Marching through the hoard of drunk freshmen waiting for entrance into the fraternity, I approached the doorman and shouted, “You gonna open the door or do I have to open it myself?”

“Steve?” the doorman answered apprehensively. “Is that you?” He squinted his eyes for a moment and then a smile came over his face. Grabbing me by the shoulders and pushing me through the door, he continued, “I can’t believe you came!”

Shocked at the good fortune of my mistaken identity, I could only muster a nod before I turned to face the ongoing party. I scanned the room, looking for the biggest and toughest looking guy, and finally, I saw him by the keg of beer. Picking up an empty cup from the floor, I began walking in his direction and upon approaching him, drove my shoulder forcefully into his chest. I let myself drop the cup I was holding and looked up at him.

“See what you made me do?” I began angrily. “Now pour me another beer!” The guy looked down at me for a few moments in disbelief before he finally said,

“I’m really sorry about that.” He then grabbed his beer from the table and held it out in my direction. “Here,” he told me, “have mine.”

At that moment, I knew I would never bring myself to start a fight with anyone let alone win it. Crestfallen, I lowered my head and walked toward the exit. Suddenly, two hands grabbed my shoulders and spun me around violently. I oriented myself just in time to see a fist heading for the side of my head. The next thing I knew, I was on the floor and a muscular guy with bleached blond hair was standing over me.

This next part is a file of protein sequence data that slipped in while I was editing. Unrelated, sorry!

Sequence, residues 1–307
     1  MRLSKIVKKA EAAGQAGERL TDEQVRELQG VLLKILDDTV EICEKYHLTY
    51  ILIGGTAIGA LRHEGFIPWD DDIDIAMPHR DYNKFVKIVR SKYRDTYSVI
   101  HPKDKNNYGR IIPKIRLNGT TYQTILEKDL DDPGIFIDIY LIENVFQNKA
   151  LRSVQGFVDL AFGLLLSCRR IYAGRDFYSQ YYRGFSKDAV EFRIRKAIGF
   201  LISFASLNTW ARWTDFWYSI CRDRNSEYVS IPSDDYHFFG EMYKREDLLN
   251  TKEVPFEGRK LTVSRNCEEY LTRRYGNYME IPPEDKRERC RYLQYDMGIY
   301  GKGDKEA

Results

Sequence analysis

“Steve,” he yelled. “That was for sleeping with my girlfriend.”

“You got it all wrong,” I answered, picking myself up from the floor, “I’m not?.” Cutting me off was a large crowd, which had now gathered around us chanting “fight.” The muscular guy grabbed me by the collar and threw me to the ground. Behind me, I noticed a guy who looked similar to myself, trying to sneak out through the front door.

“Hey!” I cried, pointing at him, “It’s you!” Then, someone behind me turned toward the guy at the door and yelled,

“Andrew Schwartz? Is that you?” The guy suddenly stopped in his tracks and slowly began to turn around.

“You’re Andrew Schwartz?” another voice shouted out from the crowd. “I stole your student ID freshman year and used 50 dollars of your declining.” Suddenly, another student emerged from the front of the crowd and screamed, “Andrew tutored me in Math 141 and I got a C+ !” Then from the back of the room, a girl’s voice rang out; “Andrew folded my laundry after I left it in the dryer for too long!”

And with that, the crowd began to chant, “Andrew” over and over. Laying on the floor, I watched some guy named Steve steal my moment of glory and bowed my head in resignation. “I guess I became a legend after all,” I mumbled to myself quietly, as my heart filled with despair.

Schwartz is a Take Five Scholar.

Time unfortunately still a circle

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UR Womens’ Lacrosse trounces Nazareth 17-5

UR’s Womens’ Lacrosse team beat Nazareth University 17–5 on Tuesday at Fauver Stadium.

Colin’s Review Rundown: Future and Metro Boomin, Lizzy McAlpine, Benson Boone, Civerous